The Corn Exchange was built as the riding school for the Prince Regent (later George IV). The Riding School measured 174 feet (53 m) long, 58 feet (18 m) wide, and 34 feet (10 m) high, and work halted several times because there were difficulties in finding timber large enough to create the roof. The roof is unique; in order to provide as much height as possible no tie beams were provided, instead arched timbers. There was a Royal balcony built for the Prince Regent to watch his horses on the Eastern wall which was later removed. From 1856 to 1864 the stables and the Riding School were let as Cavalry Barracks and on 1 October 1868 the Riding School officially became the town's Corn Exchange. The Corn Exchange underwent a number of transformations and in 1934–35 a new frontage was built featuring a large sculpture of the goddess of corn Ceres by the artist James Woodford. The Canadian maple sprung floor was installed during this period and a new balcony installed at the South End which provided a new entrance into the Supper Rooms. Extensive works began in 2017 to renovate the Corn Exchange and Studio Theatre.
The Studio Theatre
The Studio Theatre stands on the original site of Mrs Fitzherbert's stables, which were built at the same time as the stables. After the stables the building was converted into Dome Cottage, the ivy-clad Dome Cottage as it once stood in New Road. This picturesque cottage with creeper-covered walls was once part of Regency Brighton and the historic home of Miss Annie Brown, who now lives in Grand Avenue, Hove. Originally the coachman’s cottage adjoining the Prince Regent’s private stables in the Royal Pavilion grounds, it stood on the present site of the Pavilion Theatre in New Road and was known as the Dome Cottage until it was pulled down in 1932. Miss Brown lived there with her parents for more than forty years while her father, Mr F. W. Brown, was works supervisor of the Pavilion Estate. She well remembers, at the age of seven, playing in the courtyard, which is now part of the theatre. This photograph shows Miss Brown’s parents at the cottage door. During the First World War it was always open to patients from the emergency hospital set up in the Dome and the Corn Exchange, and Miss Brown’s memories include many visitors from the Indian fighting contingent whom she helped to entertain.' After 1932 the building was converted into the Supper Rooms to the designs of Robert Atkinson and completed in 1935. It was later known as the Pavilion Theatre until 2012 when it was renamed The Studio Theatre.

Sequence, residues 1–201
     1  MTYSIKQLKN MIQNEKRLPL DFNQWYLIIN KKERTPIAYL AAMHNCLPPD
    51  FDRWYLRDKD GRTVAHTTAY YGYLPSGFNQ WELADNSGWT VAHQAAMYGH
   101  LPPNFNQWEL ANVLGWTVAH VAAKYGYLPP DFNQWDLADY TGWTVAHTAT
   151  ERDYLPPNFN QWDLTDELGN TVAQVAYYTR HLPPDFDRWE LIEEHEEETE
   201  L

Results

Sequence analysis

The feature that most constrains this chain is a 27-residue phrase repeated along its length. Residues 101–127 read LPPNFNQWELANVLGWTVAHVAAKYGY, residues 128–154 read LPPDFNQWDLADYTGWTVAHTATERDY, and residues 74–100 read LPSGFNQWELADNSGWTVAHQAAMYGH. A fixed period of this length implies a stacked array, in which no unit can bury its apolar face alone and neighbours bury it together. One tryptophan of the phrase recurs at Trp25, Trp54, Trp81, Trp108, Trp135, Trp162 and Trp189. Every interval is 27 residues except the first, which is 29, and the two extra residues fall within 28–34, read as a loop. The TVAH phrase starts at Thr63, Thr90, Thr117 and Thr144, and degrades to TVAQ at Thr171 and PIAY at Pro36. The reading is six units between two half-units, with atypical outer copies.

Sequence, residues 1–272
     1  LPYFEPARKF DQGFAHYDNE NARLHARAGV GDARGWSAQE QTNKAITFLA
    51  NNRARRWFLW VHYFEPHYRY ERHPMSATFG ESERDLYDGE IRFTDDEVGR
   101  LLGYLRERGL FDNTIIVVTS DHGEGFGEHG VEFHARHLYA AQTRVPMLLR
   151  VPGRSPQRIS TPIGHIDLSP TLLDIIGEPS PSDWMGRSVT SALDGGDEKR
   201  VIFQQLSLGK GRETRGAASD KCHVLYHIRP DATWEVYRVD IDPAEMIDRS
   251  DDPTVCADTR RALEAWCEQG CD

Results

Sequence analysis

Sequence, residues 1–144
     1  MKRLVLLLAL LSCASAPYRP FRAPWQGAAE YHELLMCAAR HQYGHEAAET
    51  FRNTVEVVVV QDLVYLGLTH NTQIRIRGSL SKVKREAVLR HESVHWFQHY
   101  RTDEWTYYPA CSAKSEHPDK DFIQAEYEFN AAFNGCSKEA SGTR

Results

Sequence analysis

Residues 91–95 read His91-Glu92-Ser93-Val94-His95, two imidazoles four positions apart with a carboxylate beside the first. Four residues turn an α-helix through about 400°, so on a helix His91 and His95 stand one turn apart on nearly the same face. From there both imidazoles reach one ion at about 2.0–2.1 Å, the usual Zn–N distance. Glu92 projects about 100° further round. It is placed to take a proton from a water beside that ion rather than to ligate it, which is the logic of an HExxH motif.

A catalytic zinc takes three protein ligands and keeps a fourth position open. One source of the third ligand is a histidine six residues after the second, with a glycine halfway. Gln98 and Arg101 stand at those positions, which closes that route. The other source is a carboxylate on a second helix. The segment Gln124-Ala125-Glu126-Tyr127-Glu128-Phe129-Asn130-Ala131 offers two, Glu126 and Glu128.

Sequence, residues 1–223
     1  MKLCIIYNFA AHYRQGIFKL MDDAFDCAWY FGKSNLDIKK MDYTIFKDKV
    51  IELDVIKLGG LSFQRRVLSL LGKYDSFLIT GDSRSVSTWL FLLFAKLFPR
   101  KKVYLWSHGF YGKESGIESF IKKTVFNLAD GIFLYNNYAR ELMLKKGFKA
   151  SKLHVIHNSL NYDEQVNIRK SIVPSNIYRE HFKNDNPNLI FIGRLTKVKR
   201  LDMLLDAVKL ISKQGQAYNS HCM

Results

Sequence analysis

World War 1
In the first world war the Dome as well as the Pavilion was used to house injured Indian soldiers. It was thought that they would feel more at home in the Indian surroundings. Between 1 December 1914 and 15 February 1916 over 4,000 wounded Indian soldiers were nursed back to health at the makeshift hospitals set up inside the buildings of the Royal Pavilion estate. Three operating theatres were installed, one inside Brighton Dome itself. The India Gate, completed in 1921 and visible on the south side of the Pavilion Gardens, was a gift from the people of India, erected to commemorate their fallen soldiers.
Brighton Dome staged the Eurovision Song Contest on 6 April 1974, when ABBA won for Sweden with the song "Waterloo". The UK's national selection show Eurovision: You Decide was held in the venue on 7 February 2018, hosted by Mel Giedroyc and Måns Zelmerlöw.
The Dome Organ
One of the Dome's most famous features is its pipe organ. The first pipe organ in the Dome's Concert Hall was built in 1870 by the famous London firm of Henry Willis & Sons to a specification of forty-four stops spread over four manuals and pedals. This instrument was removed in 1935 for the great rebuilding of the theatre and was never returned, but broken up for parts. The present instrument which replaced it in 1935 was built by the firm of Hill, Norman and Beard. This organ has four manuals and one hundred and seventy-eight stops obtained by extension and borrowing of numerous ranks, plus numerous percussion effects. With 42 rows of pipes in four chambers, the unit construction with electro-pneumatic action produced 250 stop tabs. The organ also has many special effect stops, such as orchestral bells, marimba, harp, bird whistles and sleigh bells.
- Royal Pavilion A study in the Romantic - Clifford Musgrave
- Minutes of the Methodist Conference, 1991. Methodist Conference Office, Methodist Church of Great Britain. p. 59.
- Brighton Herald, 24 April 1954.
- Miles, Barry; Mabbett, Andy (1994). Pink Floyd - The Visual Documentary. London: Omnibus. p. Unnumbered; listed by date. ISBN 0-7119-4109-2.
- bbc.co.uk: Abba: Why the UK gave the Swedish band 'nul points' at Eurovision. 19 April 2021
- "The National Pipe Organ Register - The Brighton Dome Willis".
- "The National Pipe Organ Register - The Brighton Dome Willis".
Media related to Brighton Dome, Brighton, East Sussex at Wikimedia Commons
| Eurovision Song Contest